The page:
With the new time slot and established audience, Conan comes into a demographic that is new to him. That demographic is everyone. He even admitted in a few interviews that he would have to change his material to be more mature, and better suit the audience. Though we all hoped he would do it without sacrificing his signature brand of comedy.
The show wasn't terrible by any means, but it seams as though he's back to the awkwardness that was present when he took over "Late Night" from David Letterman. There were some painfully bad jokes in a few skits, and the ones that were in Conan's normal style, were missed completely by the audience. That coupled with Andy Richter's strange casting at Conan's announcer, started the show with a mediocre shrug rater than the excellent roar of comedy it should have been.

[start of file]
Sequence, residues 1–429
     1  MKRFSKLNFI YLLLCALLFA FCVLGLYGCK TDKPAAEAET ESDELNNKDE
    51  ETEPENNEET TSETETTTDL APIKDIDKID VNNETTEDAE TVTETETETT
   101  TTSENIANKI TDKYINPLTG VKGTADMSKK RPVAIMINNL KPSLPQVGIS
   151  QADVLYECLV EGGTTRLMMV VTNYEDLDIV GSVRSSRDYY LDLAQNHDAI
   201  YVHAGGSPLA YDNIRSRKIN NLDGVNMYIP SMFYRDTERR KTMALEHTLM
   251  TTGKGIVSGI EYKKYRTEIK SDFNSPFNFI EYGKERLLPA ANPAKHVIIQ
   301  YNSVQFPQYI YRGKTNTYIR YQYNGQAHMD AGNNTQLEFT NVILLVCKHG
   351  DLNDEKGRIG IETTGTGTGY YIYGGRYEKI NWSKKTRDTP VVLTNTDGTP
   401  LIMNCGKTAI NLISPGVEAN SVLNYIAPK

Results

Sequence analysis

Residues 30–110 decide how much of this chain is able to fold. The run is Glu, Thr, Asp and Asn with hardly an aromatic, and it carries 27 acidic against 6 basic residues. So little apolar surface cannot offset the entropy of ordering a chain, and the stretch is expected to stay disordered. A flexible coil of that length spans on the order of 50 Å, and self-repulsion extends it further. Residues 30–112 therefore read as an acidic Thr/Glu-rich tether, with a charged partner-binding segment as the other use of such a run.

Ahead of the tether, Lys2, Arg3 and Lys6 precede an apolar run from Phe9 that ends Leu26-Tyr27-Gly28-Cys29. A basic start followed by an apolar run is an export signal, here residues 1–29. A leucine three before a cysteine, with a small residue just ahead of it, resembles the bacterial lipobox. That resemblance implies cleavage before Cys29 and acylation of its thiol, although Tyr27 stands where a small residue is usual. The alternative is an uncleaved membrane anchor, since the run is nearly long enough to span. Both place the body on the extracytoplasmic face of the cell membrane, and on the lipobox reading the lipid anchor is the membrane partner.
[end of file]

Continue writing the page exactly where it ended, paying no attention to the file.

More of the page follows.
We can all look to the future, however, as Conan's great adaptability is bound to get him to the late night throne of power he rightfully deserves. I mean, at least it wasn't as bad as Jimmy Fallon's interview with Robert De Niro on his first episode of "Late Night." Yeesh.
Hopefully NBC doesn't pull the plug on O'Brien before he gets his chance to shine. In the now rocky world of show cancellation frenzy, they've kept far worse shows on the air. At least we know "The Tonight Show" will get better, what was the new "Knight Rider's" excuse for being on for so long?
Check out the show on Hulu.
I leave you with my favorite Conan moment. Enjoy!